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Genesis Belanger

Work / Art

Artist Genesis Belanger explores the strange things that advertising conditions us to want

From hot dogs peeping out of handbags and squeezing into strappy sandals to fruit bowls filled with bananas, strawberries and a casual boob, Brooklyn-based artist Genesis Belanger’s ceramic sculptures mix consumer goods with more than a touch of the surreal. Inspired by claymation, cartoons like The Simpsons as well as artists Dorothea Tanning, Louise Bourgeois and Fernando Botero, her work also draws heavily on the advertising industry, where she worked until breaking away to focus on sculpture. “The advertising industry understands the strength of visual persuasion and I find it fascinating that our desires can be manipulated through aesthetics,” Genesis tells It’s Nice That. “I use elements of that persuasive language in my work.”

Cigarettes, the proof that the ad men can make even premature death seem sexy, feature often in her sculptures, draping languidly over ashtrays or pinned to the wall like a modern-day sconce. “I made a series of these cigarette marquees after learning that in the late 1920s a woman smoking a cigarette was a (male-orchestrated) feminist act of resistance,” she explains. “I find this to be a great historical example of how what we choose to consume can be used to express our values, and how our habits of consumption are manipulated by external forces such as the advertising industry.”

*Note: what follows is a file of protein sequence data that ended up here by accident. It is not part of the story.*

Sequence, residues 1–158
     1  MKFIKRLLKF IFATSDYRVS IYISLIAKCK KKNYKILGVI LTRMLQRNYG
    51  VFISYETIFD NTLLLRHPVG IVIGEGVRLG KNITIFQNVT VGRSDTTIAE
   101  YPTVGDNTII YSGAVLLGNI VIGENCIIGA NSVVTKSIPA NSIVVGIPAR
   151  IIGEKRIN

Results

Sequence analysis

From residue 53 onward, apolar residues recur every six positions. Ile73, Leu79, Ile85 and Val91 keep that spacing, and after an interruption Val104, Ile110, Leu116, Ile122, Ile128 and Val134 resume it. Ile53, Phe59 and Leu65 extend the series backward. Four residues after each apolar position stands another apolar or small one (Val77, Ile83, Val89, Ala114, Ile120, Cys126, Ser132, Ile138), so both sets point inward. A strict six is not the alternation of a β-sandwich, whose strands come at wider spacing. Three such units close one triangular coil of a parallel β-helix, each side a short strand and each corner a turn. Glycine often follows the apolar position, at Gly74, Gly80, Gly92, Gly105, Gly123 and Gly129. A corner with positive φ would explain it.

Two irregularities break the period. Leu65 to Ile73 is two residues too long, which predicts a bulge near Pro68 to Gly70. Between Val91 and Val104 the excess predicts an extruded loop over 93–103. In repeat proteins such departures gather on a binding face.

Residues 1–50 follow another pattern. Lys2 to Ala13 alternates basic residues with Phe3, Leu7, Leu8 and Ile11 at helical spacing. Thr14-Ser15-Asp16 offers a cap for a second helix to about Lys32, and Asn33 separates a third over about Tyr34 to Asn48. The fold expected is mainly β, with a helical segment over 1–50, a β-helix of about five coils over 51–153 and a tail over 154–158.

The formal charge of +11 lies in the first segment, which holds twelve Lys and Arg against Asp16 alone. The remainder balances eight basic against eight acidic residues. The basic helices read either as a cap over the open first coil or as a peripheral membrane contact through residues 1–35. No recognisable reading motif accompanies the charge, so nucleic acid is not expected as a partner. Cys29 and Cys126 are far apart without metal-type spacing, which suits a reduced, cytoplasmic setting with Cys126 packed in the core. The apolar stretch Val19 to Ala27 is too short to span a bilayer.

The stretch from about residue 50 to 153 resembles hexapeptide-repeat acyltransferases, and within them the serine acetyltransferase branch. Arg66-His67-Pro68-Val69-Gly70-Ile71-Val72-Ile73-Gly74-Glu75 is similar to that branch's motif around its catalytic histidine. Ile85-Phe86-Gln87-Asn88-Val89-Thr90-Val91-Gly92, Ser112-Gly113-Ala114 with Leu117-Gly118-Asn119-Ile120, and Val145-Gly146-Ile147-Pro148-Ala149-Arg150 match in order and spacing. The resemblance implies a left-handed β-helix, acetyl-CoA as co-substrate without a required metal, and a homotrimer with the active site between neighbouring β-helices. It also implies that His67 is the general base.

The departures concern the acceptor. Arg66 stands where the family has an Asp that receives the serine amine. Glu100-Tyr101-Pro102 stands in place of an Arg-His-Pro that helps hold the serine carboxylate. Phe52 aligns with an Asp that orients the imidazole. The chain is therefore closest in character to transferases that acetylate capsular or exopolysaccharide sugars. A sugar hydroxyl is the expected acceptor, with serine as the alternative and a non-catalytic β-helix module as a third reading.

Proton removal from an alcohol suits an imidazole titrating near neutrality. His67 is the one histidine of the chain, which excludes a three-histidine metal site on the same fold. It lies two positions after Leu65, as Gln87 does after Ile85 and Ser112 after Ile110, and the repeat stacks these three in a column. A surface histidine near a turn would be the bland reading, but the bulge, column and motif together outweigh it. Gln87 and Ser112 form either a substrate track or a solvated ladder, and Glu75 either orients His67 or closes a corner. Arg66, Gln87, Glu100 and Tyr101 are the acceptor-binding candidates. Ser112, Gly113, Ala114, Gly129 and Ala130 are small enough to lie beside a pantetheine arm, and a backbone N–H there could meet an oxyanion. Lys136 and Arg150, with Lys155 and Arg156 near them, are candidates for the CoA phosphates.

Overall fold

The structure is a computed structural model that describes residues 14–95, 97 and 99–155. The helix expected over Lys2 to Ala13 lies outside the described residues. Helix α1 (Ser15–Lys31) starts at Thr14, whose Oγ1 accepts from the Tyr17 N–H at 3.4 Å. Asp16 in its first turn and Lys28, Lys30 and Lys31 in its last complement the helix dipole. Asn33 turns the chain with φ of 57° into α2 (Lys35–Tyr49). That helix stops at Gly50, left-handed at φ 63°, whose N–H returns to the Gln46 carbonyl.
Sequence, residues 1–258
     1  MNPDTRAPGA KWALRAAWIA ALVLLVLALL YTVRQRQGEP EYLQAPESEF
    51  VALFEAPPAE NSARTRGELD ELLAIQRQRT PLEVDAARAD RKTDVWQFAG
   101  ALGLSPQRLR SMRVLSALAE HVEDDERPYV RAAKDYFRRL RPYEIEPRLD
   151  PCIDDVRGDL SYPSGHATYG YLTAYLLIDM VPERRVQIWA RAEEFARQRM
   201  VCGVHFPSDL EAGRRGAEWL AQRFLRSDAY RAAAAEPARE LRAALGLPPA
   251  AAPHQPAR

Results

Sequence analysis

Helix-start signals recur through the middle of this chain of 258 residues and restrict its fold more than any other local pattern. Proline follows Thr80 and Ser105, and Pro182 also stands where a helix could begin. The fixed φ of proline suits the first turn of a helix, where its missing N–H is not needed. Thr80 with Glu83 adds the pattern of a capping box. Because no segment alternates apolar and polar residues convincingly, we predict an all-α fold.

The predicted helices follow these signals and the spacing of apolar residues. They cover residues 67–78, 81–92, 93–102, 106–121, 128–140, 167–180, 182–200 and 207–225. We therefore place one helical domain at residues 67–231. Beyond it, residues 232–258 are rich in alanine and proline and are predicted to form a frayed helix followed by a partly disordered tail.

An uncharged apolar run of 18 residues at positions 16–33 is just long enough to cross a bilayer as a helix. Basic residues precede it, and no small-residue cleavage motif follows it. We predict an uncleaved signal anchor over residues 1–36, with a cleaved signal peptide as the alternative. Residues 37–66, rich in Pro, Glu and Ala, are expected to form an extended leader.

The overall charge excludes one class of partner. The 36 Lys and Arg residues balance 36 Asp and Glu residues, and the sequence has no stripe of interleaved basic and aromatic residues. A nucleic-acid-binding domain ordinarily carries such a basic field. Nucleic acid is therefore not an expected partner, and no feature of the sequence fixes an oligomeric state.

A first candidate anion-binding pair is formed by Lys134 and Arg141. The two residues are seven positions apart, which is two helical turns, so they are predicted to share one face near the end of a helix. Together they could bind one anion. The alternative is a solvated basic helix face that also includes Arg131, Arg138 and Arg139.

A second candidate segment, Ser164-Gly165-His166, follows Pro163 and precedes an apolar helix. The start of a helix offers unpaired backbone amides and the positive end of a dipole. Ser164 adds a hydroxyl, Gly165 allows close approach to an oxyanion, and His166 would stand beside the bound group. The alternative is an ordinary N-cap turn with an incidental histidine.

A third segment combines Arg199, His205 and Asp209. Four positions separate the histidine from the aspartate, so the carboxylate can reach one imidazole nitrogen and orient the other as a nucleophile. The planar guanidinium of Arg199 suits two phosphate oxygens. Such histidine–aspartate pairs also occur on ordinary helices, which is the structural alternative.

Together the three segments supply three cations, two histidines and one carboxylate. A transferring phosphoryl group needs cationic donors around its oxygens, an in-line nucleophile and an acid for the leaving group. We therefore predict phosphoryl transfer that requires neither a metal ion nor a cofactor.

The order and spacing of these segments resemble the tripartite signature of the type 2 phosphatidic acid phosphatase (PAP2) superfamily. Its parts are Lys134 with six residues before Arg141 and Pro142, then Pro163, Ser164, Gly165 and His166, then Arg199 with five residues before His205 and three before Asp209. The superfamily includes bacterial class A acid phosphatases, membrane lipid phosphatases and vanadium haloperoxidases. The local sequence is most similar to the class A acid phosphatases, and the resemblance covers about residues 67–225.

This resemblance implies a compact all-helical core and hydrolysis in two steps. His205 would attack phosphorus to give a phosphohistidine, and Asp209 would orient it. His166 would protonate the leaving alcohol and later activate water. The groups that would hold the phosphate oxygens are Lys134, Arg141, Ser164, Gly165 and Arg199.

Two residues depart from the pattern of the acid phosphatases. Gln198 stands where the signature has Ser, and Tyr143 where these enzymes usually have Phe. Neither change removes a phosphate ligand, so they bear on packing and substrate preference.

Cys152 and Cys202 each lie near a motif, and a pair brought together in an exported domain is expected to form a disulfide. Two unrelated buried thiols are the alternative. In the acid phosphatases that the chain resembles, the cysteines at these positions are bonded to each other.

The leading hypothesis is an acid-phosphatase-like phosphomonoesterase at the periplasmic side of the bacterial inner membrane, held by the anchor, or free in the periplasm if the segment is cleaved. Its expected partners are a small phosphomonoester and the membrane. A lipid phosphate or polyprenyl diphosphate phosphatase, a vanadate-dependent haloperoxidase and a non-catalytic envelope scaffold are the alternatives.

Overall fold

Genesis begins each work with extensive sketches, working out through repetition the ideas and shapes that she finds interesting. Her use of clay is partly a comment on the categorisation of objects. By using clay – a material usually associated with craft – she wants people to question the hierarchy given to artworks over other handmade objects.

Genesis’ work is currently on display as part of the group exhibition Uncanny Memories at London’s Sophia Contemporary. Featuring work by Jonathan Baldock, Matthew Hansel, Matt Lipps, Theo Mercier and Adam Parker Smith, the show brings together a group of young artists that play with the uncanny in their work. “Objects are often surrogates for our self-identity,” says of her work in relation to the theme of the show. “The uncanny is the feeling of something being strangely and uncomfortably familiar, this discomfort comes from seeing ones projected self in an object. I am using humour and style to address the complexity, nuance and dissonance of human psychology.”

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